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3 Great Time Saving Tools

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It seems the world is growing into a business place and time management a growing hot topic. No one can deny that there are companies out there producing fabulous on-line tools to help us manage our time better, but who has the time to find them?

This week I reached out to the marketing manager of one such company to offer us some great tips and tools that may just buy you more time.

Darren Negraeff is the Marketing Director for OpenCal, an online appointment scheduling application.  You can read more of his writing on his personal blog and on the OpenCal blog.

"If only there were more hours in the day..."

That's a common enough refrain in this day and age. You wake up in the morning, get ready for the day ahead, and then it's off to the million things you have to tackle today. Before you know it, the sun is setting and your to-do list seems to have gotten longer instead of shorter. In the morning, when you thought about the day ahead of you, it didn't seem that unmanageable. But now it's six or seven o'clock in the evening, and you barely accomplished half of what seemed reasonable only 12 hours earlier. What happened?

Of course, a million things happen every day which can derail your productivity. Here are a few tools and techniques you can use to manage your time more effectively.

1. Inbox Zero
I don't know for sure who coined the term, but "Inbox Zero" came to my attention via Merlin Mann of 43Folders.com fame. The idea behind Inbox Zero is to rid yourself of a couple of nasty email habits that tend to sap your attention and drain you of focus.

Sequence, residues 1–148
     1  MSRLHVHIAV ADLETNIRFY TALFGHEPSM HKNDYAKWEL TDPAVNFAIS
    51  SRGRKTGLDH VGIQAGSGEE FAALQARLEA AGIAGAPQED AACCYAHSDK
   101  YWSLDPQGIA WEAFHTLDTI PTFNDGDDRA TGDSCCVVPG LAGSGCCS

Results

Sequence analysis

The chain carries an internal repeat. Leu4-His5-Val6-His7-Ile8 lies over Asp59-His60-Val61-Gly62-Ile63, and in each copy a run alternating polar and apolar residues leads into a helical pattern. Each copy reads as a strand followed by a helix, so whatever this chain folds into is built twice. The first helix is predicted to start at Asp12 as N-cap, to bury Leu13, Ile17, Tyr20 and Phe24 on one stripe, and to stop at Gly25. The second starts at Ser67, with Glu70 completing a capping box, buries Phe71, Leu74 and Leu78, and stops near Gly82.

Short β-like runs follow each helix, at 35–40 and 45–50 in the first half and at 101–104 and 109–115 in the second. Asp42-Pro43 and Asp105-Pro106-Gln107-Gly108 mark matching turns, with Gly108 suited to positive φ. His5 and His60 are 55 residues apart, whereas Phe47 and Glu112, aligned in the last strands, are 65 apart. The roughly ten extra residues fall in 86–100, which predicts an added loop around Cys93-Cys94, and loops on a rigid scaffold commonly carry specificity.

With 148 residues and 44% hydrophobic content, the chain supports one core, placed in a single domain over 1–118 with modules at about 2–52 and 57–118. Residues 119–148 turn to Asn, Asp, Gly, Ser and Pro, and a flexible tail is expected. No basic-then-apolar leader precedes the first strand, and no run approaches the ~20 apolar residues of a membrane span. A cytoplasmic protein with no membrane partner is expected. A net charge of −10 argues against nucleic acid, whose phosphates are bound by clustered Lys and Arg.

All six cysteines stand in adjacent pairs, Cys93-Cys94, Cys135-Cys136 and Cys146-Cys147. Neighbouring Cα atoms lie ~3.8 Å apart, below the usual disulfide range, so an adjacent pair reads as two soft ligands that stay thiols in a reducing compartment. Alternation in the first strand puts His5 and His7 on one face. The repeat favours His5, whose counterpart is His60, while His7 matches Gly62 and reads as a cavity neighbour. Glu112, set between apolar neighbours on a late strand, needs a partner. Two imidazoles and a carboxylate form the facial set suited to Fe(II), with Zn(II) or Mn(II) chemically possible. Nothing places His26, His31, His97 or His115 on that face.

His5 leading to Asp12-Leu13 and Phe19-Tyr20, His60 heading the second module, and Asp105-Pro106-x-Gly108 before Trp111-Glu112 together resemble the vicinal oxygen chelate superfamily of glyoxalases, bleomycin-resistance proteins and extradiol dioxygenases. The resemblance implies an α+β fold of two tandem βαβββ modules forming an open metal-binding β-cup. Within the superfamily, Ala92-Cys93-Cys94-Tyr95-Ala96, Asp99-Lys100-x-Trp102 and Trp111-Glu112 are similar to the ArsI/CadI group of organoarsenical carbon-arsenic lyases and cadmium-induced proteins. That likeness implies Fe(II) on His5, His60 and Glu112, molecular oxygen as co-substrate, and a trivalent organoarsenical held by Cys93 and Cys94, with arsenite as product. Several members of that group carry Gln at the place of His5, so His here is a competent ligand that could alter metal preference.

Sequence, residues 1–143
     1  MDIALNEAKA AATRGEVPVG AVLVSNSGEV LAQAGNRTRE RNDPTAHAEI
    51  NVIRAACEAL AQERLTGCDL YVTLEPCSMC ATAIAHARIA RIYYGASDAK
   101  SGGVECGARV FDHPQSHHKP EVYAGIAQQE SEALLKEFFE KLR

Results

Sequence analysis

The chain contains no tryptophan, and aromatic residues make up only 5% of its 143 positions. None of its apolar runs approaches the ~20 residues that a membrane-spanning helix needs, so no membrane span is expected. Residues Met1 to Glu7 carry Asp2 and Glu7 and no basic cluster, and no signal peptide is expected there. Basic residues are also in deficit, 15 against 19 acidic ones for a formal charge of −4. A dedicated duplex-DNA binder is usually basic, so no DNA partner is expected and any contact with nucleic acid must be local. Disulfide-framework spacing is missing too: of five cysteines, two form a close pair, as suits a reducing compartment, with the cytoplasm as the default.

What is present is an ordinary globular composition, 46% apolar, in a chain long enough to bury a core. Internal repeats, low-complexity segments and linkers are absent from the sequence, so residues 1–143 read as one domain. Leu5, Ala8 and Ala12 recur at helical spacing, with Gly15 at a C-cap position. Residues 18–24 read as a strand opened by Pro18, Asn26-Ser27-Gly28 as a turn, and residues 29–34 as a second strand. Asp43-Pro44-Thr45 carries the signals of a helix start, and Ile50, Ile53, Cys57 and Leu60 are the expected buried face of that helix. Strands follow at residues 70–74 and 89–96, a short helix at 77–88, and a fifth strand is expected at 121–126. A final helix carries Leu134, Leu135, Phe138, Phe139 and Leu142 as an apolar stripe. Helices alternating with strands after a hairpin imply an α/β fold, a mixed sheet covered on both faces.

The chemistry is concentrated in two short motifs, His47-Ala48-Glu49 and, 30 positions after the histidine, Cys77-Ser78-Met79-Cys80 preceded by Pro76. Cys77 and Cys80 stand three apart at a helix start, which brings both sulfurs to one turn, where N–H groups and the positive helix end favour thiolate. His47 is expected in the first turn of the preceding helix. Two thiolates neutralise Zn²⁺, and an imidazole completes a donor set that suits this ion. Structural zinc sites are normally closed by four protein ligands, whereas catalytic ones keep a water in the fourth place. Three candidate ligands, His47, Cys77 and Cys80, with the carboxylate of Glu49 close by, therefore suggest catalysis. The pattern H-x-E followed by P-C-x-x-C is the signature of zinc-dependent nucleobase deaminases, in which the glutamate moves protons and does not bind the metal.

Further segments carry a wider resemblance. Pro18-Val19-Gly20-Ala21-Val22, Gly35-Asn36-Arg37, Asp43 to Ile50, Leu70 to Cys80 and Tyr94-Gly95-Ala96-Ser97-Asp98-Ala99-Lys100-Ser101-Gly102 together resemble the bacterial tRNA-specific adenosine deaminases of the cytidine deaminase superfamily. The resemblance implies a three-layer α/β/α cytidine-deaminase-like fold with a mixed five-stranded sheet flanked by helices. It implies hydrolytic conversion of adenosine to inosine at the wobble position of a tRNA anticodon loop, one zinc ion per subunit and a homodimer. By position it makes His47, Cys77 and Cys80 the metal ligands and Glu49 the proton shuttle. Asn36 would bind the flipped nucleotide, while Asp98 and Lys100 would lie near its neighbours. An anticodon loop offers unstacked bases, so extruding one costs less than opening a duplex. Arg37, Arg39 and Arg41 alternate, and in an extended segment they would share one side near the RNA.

The first rule of Inbox Zero is to stop treating your inbox as a to-do list. Instead, process your inbox once or twice a day (ideally), or as often as you need (but less is more in this system). When processing your inbox, you may only take one of four actions on each email. You may respond to it (if it takes less than two minutes), delete it (or archive it), delegate it (don't forget to follow up on it if you're ultimately responsible for the outcome – ie. set a reminder on your calendar), or defer it (if you need to do it but it will take longer than 2 minutes).

If you have an hour and want to learn more, I highly recommend watching the TechTalk that Merlin gave at Google, just below.
 
2. Rescue Time
Rescue Time is a web-based time management and analytics tool that helps you understand how and where you spend your time and attention online. There's no data to enter and sign-up is quite simple. You basically let RescueTime know what you consider to be productive time online (for me that includes social media) and what you do not (sadly reading the news does not count in my books), and RescueTime simply pays attention to which tab or window you're currently using and records the time spent.

 

At the end of a week, you'll have a much better idea of what habits you need to break. Happily, RescueTime can help you with that assuming you're willing to take the step of voluntarily submitting certain websites for it to block when you're in a weaker, more distracted state.

 

3. OpenCal

If you run a business that takes appointments or are a professional who sells their time, you could do a lot worse than automating your appointment book. Enter our contribution to this list,

OpenCal (full disclosure: I am the Marketing Director for OpenCal). 

OpenCal has a lot of great features to help business owners and professionals, but the number one thing it does is save time. Here's how it works. You put a ‘Book Now' button on your website and you set your business hours and add some other details about the services you provide. Then you tell your customers about it, and instead of phoning you, they book appointments with you online. Because they can see what opening you have in your schedule, they can book what they want, when they want, and you can eliminate a lot of phone tag from your life. 

There are a lot of other great features to OpenCal (admittedly, I'm a little biased), but in the interest of saving you time I'll leave it at that. 

Last updated: Oct 25, 2010




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